If you're a minority and you're suffering from racial inequality, Louisiana governor Bobby Jindal thinks it's all your fault:
We have made tremendous progress, but as long as our society is comprised of imperfect human beings, we will always be striving for a more perfect union. We must not let this constant process prevent us from acknowledging the enormous strides we have already made.
Yet we still place far too much emphasis on our “separateness,” our heritage, ethnic background, skin color, etc. We live in the age of hyphenated Americans: Asian-Americans, Italian-Americans, African-Americans, Mexican-Americans, Cuban-Americans, Indian-Americans, and Native Americans, to name just a few.
Here’s an idea: How about just “Americans?” That has a nice ring to it, if you ask me. Placing undue emphasis on our “separateness” is a step backward. Bring back the melting pot.
There is nothing wrong with people being proud of their different heritages. We have a long tradition of folks from all different backgrounds incorporating their traditions into the American experience, but we must resist the politically correct trend of changing the melting pot into a salad bowl. E pluribus Unum.
For the longest, black Americans really, REALLY wanted to be just plain ol' "Americans." Too bad about the constant, unending and institutionalized push via a variety of social, political and economic forces to keep those African-Americans and others hyphenated not just in name, but also in how they interact with so-called "plain ol' Americans."
For the record, Asian-Americans, Italian-Americans, Mexican-Americans, Cuban-Americans and Indian-Americans can all integrate themselves into the plain ol' American collective by adopting varying degrees of Whiteness™. That's something that hasn't quite been afforded to African-Americans. Or Native-Americans, for that matter.
As Aviva Shen sums things up over at Think Progress:
If he had done even cursory research before writing his editorial, Jindal may have discovered some systemic inequities preventing minorities from assimilating to his satisfaction. Though Jindal is right that Americans have made “significant progress” since the March On Washington For Jobs And Freedom, the national black unemployment rate has steadily remained double the white unemployment rate for the past 60 years.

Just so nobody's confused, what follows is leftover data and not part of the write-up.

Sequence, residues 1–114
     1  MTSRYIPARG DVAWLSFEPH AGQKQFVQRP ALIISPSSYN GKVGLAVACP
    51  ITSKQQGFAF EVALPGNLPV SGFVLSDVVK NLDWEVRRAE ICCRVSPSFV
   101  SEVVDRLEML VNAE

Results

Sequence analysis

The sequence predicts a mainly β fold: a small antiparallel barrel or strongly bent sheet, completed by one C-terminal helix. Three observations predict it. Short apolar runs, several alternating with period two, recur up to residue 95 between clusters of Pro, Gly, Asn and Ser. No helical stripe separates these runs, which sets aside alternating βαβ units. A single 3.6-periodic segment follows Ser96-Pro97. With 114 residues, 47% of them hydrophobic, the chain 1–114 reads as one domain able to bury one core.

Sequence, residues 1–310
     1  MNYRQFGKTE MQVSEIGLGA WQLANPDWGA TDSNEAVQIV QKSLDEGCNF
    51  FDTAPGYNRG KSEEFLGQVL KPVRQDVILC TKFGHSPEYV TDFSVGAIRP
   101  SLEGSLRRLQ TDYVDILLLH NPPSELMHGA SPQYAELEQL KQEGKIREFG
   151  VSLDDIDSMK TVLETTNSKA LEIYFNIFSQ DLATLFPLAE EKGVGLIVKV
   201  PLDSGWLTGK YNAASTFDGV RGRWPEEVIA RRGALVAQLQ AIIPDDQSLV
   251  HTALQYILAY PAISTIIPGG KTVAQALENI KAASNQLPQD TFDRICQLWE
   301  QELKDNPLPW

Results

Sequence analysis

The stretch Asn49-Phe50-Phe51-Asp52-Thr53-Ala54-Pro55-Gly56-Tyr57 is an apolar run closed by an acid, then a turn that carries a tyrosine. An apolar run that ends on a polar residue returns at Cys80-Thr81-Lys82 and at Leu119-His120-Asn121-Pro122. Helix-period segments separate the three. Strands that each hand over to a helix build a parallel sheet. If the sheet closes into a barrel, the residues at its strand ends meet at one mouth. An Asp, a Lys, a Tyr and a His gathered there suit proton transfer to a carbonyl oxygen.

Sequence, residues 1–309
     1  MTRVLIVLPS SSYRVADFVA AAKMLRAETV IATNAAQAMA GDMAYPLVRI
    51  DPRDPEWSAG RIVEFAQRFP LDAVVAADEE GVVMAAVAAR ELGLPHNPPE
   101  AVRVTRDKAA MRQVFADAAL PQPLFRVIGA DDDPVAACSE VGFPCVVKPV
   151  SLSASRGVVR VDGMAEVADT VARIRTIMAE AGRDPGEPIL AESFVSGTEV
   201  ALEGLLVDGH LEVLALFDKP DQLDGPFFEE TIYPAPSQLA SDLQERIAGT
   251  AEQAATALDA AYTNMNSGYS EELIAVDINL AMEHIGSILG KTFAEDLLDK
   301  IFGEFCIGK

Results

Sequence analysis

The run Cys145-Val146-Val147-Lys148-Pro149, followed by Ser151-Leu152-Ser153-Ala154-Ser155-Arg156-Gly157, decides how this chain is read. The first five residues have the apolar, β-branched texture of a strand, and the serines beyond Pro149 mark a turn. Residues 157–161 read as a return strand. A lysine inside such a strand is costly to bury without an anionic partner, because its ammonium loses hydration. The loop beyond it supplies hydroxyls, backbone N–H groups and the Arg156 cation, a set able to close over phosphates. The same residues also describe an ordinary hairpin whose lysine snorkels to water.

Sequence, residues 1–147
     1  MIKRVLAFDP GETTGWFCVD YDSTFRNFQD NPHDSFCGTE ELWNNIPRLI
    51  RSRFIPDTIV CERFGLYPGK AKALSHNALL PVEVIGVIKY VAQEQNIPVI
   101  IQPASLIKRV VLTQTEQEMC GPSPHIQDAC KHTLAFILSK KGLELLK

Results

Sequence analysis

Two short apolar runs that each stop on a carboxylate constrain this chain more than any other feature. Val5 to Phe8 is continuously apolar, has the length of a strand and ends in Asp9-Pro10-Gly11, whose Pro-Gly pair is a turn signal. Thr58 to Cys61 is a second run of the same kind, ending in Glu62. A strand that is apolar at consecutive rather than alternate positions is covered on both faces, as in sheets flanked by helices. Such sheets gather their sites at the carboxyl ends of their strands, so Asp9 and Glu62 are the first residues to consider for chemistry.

In urban areas like Chicago, the poverty rate and median income for black families is also about the same as it was in 1963.
Even segregation, once vanquished by the civil rights movement, is rebounding aggressively. Since 2001, urban schools and neighborhoods have become increasingly re-segregated through lax integration enforcement and so-called “white flight.” Research shows this resegregation intensifies poverty and violence in minority neighborhoods, trapping black families in an endless cycle. Jindal himself has helped this trend along in New Orleans with his school privatization plan, which has worsened racial inequality in 34 historically segregated public schools and, according to the Justice Department, “reversed much of the progress made toward integration.”
Instead of digging deep into the historical, social and institutional flaws that have served to cockblock genuine equality and progress, Piyush makes a standard-issue plea for "togetherness" and through his criticism of those who dare hold on to their own cultural identities, subtly blames minorities for not working hard enough to genuinely be a part of America.
A platitude of this magnitude just goes to show how much our friend Piyush is out-of-touch with the realities of being in the "minority" column in the U.S. I know he has to keep those conservative bonafides burnished, as he's done by taking pot-shots at Eric Holder over school vouchers, but come on - you'd figure that someone who had to change his name to meet the minimum standards of acceptability among the unreconstructed should know better.
Then again, I should know better, especially with guys like Allen West around.
Meanwhile, the state of Louisiana leads the world in incarceration. He may want to take a good look at that, too.